More great legal insights from Cheryl – thanks & keep them coming!


The answer is:  “Not much.” Visual and graphic artists are particularly vulnerable to unauthorized reproduction of copyrighted images on the Internet.  It’s literally a simple “right click,” “copy,” and “paste.”  Many such infringements go undetected.  Those that are discovered are often let go without remedial action.  Why?  The artist fails to register his or her work with the U.S. Copyright Office prior to the work being stolen.  For years, I’ve been asked:  “Can’t I just mail it to myself?”  In the case of scripts, “Isn’t the Writers Guild enough?”  Then I hear, “I never got around to it.”  My answer is, “Sorry, there’s not much I can do to help you.”

NO, NO and—NO! There is one place, and one only, to register your works, www.copyright.gov.  Instead of sending in your registration by mail and waiting for years, the Copyright Office has come into the digital age so you can digitally upload the files.  So why wait?

Exactly why is registration so darn important? While a copyright is valid without registration, the very statement is misleading.  Copyright registration is essential to preserve key remedies for infringement.  Unless registered prior to infringement, attorney’s fees and statutory damages are not available.  It is often difficult, if not impossible, to prove actual damages or profits attributable to theft of a copyrighted work.  For example, if the work is used on a product that doesn’t sell millions of copies, how do you prove your damages?

Congress created two types of damages to recover under copyright law. In addition to “actual damages,” one can elect statutory damages without proof of out of pocket losses. This means not only will the infringer have to pay you up to $150,000 per willful act of infringement (the amount is discretionary with the court) they will need to pay your lawyer’s fees.  However, your work must have been registered prior to the theft or these remedies are lost.  Without the threat of having to pay attorney’s fees to the copyright owner, there is little, if any, chance of finding counsel to bring a costly and drawn out infringement action on a speculative basis.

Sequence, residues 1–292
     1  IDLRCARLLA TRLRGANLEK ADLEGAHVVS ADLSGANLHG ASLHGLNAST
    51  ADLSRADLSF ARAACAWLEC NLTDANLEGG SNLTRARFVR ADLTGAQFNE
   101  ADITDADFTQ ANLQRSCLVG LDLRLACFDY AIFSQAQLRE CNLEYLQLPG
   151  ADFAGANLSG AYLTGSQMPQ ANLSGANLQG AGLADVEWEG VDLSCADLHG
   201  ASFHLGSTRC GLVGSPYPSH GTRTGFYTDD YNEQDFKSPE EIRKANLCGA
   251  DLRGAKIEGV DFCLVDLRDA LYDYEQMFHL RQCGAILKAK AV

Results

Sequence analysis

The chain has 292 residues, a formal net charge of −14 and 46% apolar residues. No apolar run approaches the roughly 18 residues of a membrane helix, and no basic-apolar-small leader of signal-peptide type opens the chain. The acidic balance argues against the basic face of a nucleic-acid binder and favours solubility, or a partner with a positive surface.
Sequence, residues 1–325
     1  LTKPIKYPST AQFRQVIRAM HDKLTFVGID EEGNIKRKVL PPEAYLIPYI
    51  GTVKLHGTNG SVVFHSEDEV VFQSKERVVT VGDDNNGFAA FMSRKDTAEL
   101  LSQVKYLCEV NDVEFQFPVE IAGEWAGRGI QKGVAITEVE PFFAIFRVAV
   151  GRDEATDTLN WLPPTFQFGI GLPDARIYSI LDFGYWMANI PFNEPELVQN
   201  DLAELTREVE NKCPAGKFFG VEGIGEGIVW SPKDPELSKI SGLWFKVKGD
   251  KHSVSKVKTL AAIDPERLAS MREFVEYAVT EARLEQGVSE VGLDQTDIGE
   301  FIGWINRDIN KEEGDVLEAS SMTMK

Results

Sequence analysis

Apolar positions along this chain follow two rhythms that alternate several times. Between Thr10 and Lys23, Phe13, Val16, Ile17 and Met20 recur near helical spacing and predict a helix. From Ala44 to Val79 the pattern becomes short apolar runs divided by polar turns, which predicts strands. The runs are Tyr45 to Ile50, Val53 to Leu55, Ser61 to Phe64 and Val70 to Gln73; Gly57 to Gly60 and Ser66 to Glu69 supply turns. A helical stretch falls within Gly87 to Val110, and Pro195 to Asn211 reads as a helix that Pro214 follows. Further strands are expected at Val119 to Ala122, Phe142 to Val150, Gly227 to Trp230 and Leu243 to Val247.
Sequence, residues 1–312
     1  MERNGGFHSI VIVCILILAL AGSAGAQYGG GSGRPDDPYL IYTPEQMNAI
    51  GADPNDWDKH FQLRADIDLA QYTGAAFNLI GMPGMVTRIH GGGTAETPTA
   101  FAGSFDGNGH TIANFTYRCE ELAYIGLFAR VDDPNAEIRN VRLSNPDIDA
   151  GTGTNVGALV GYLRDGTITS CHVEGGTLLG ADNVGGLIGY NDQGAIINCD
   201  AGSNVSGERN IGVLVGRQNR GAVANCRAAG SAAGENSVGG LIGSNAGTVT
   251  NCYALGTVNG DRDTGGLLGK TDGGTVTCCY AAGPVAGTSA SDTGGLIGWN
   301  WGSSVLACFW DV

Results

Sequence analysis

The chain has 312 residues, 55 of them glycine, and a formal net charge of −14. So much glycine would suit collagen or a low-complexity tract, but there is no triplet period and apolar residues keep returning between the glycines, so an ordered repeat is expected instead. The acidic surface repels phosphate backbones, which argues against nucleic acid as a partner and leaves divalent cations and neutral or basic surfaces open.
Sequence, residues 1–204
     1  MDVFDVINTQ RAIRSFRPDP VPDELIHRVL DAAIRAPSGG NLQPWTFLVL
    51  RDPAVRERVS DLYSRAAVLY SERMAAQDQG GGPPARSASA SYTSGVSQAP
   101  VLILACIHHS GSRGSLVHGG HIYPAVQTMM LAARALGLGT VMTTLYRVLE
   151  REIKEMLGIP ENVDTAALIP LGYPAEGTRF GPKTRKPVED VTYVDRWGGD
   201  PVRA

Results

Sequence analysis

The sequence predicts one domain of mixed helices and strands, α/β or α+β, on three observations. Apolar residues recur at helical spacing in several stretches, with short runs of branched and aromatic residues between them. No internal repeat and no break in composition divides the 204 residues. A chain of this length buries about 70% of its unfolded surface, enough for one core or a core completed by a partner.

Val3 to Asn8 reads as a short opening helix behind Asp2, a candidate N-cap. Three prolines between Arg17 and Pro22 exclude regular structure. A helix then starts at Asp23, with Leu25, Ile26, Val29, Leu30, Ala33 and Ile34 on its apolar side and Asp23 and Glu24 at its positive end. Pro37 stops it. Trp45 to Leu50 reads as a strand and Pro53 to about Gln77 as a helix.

Legally, you are entitled to obtain an injunction to prevent ongoing or future infringements even if you file the registration after the infringement.  A preliminary injunction in a copyright case can cost six figures and above in legal fees.  Just ask Perfect 10 who spent a fortune in litigation costs against Google for the past five years.  The company was p.o.’d at the search engine for providing thousands of its modeling images as thumbnail versions and for providing links to infringing sites.

If you don’t register, you won’t be getting any statutory damages or lawyer’s fees from the defendant. Unless you can finance the case out of your own pocket, this is one lawyer who can’t afford to help you.  Do your selves a big favor—take care of this simple but all important part of your business.  Register your works—someday you may be glad you did!


Thank you for allowing me to post this on my blog for the benefit of the artists here!

To learn more about Cheryl, visit her blog, www.BrandAideBlog.com.  Maybe you’ll consider giving her a call the next time you need help with a contract, infringement or other legal issue… she knows our business which in the words of MasterCard, is PRICELESS!

Here’s to your creative success (and figuring out the ever-changing online copyright registration process!) –

Tara Reed